Sunday, May 17, 2015

Maggie Review

I have noticed that when the word zombie appears in the plot synopsis of a movie or television series, it can elicit very different expectations from those intrigued. Some immediately are looking for the horror and the gore, excited for the carnage and the more flesh that is ripped apart the better the experience. Some may prefer their Zack Snyder directed version of the wandering deceased, the sprinting dead, the blood thirsty track stars of tomorrow. Me, well I am one of those Romero enthusiasts, a traditionalist I guess you could say. A body count is less important to me than the thematic depth of the film, and a more methodical pace can work wonders rather than an onslaught of action. 

With this in mind, enter the brand new film from director Henry Hobson Maggie starring Arnold Schwarzenegger and Abigail Breslin, a very different take on the zombie sub-genre that is sure to disappoint those looking for Arnold to turn into the series 800 Terminator we all know and love, piling up corpses with his shotgun. No, this is a quiet and extremely morose film, one that suffers a bit because of its inability to escape a very one note tone throughout but it still works a lot more than it doesn't. 

On a performance level Maggie shines as both Schwarzenegger and Breslin bring truly touching, tender work to the table as a father and daughter. Their bond is strong but is being tested by the heartbreaking turmoil caused by Maggie (Breslin) contracting the new virus that slowly but surely turns those afflicted into a zombie. As I said in the beginning, the word zombie brings with it expectations but in reality this story is essentially illustrating the pain a parent goes through when losing their child to a terminal illness. If you come to Maggie looking for a horror film, you are certain to be disappointed and I actually really admired the concept of a zombie transition that takes such a long time because I found it fascinating, that rather than watching it occur within minutes we witness it unfold slowly. Those bitten can live seemingly normal lives, eat meals with their family, hang out with their friends, but the dread of what is inevitable hangs over them during every encounter. The ability to say goodbye and shed tears with someone who is destined to become the walking dead is a haunting idea that is executed well here.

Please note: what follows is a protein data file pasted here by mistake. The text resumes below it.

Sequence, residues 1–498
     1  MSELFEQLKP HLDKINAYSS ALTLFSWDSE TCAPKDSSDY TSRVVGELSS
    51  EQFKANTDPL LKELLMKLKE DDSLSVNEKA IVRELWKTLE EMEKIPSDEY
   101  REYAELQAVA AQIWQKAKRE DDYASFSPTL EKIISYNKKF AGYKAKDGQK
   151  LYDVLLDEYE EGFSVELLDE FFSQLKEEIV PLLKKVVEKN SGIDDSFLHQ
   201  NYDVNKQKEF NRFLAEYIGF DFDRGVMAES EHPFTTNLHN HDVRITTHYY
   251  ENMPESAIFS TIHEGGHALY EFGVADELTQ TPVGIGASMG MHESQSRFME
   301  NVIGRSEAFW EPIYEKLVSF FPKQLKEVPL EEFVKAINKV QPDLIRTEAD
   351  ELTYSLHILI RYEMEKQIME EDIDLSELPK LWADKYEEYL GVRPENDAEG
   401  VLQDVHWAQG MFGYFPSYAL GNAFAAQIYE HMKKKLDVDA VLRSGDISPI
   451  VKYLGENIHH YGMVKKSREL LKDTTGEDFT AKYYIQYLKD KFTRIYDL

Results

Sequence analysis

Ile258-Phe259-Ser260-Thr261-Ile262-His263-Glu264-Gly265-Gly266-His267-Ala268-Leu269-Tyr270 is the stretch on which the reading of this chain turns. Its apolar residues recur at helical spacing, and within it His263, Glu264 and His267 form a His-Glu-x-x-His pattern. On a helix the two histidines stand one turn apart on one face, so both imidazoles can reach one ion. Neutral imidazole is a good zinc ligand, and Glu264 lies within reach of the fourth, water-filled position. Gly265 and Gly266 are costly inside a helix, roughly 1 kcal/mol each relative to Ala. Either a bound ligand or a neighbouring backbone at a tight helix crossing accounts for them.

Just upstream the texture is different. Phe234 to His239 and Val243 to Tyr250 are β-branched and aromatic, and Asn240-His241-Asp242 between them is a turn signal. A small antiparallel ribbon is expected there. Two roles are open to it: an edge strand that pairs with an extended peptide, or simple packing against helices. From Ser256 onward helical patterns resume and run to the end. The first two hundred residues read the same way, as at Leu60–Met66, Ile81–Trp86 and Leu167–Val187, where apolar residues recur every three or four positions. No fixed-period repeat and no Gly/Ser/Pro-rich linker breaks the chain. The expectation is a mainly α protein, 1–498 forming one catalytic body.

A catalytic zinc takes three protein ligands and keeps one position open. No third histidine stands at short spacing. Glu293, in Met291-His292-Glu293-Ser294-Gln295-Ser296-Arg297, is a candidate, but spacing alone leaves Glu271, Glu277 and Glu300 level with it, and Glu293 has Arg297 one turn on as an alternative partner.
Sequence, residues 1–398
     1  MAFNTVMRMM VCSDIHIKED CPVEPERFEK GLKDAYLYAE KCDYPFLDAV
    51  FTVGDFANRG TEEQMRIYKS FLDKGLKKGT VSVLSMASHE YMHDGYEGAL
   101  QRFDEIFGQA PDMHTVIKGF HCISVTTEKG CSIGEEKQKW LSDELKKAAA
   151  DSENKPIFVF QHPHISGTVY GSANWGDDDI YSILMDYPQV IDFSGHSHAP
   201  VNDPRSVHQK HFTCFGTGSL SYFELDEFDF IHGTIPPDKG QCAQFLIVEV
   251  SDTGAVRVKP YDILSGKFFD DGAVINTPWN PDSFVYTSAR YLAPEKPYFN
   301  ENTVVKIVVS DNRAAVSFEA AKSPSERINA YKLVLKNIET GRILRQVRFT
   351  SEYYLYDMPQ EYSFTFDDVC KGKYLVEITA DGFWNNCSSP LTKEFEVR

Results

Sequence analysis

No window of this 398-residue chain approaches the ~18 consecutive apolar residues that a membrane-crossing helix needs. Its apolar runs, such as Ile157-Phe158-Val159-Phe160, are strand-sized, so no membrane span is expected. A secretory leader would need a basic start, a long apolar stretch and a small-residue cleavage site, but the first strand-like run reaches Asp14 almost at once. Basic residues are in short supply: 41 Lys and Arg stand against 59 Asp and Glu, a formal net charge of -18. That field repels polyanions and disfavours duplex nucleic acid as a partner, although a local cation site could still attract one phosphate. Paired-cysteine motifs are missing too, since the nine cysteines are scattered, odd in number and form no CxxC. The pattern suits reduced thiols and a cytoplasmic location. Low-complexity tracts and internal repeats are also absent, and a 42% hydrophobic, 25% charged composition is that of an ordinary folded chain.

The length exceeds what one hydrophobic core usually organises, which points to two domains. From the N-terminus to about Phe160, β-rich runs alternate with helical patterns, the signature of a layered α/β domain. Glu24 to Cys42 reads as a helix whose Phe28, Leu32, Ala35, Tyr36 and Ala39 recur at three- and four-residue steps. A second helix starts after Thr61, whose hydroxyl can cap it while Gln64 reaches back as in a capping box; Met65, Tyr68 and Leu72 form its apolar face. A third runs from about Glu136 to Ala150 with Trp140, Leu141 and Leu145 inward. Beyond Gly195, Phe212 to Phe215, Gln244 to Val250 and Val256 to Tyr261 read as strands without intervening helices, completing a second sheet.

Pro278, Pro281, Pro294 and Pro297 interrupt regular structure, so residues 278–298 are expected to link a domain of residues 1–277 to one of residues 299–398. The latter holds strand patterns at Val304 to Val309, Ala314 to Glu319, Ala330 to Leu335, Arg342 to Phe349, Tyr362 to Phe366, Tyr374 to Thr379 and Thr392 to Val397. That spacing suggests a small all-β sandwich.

The real, major flaw I find in Maggie is that while it does a whole lot really well, it doesn't really do enough to stand out and be memorable beyond performances. I will admit to initially laughing when I thought about taking Arnold seriously in an emotional role as a father going through such a struggle, but it didn't take long for me to believe in his pain. His turn here is shockingly nuanced and believable. Otherwise though, it's a well crafted and interesting film that lacks a real punch to make it stand out among a crowd.


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